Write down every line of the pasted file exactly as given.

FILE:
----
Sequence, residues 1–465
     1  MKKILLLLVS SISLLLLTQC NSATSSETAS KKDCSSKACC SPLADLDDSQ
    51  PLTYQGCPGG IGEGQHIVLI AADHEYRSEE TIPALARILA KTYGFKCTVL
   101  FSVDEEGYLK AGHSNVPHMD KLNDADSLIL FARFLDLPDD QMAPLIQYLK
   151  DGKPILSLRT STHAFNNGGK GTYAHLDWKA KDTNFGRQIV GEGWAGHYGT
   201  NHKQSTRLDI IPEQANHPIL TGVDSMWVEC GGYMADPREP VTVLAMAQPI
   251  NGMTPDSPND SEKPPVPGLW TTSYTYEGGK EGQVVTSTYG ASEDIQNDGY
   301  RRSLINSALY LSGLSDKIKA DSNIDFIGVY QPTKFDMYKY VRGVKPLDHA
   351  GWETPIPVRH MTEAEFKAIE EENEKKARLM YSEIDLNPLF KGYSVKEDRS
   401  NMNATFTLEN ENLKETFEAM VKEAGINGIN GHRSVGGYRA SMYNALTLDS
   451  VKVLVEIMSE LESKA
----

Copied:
Sequence, residues 1–465
     1  MKKILLLLVS SISLLLLTQC NSATSSETAS KKDCSSKACC SPLADLDDSQ
    51  PLTYQGCPGG IGEGQHIVLI AADHEYRSEE TIPALARILA KTYGFKCTVL
   101  FSVDEEGYLK AGHSNVPHMD KLNDADSLIL FARFLDLPDD QMAPLIQYLK
   151  DGKPILSLRT STHAFNNGGK GTYAHLDWKA KDTNFGRQIV GEGWAGHYGT
   201  NHKQSTRLDI IPEQANHPIL TGVDSMWVEC GGYMADPREP VTVLAMAQPI
   251  NGMTPDSPND SEKPPVPGLW TTSYTYEGGK EGQVVTSTYG ASEDIQNDGY
   301  RRSLINSALY LSGLSDKIKA DSNIDFIGVY QPTKFDMYKY VRGVKPLDHA
   351  GWETPIPVRH MTEAEFKAIE EENEKKARLM YSEIDLNPLF KGYSVKEDRS
   401  NMNATFTLEN ENLKETFEAM VKEAGINGIN GHRSVGGYRA SMYNALTLDS
   451  VKVLVEIMSE LESKA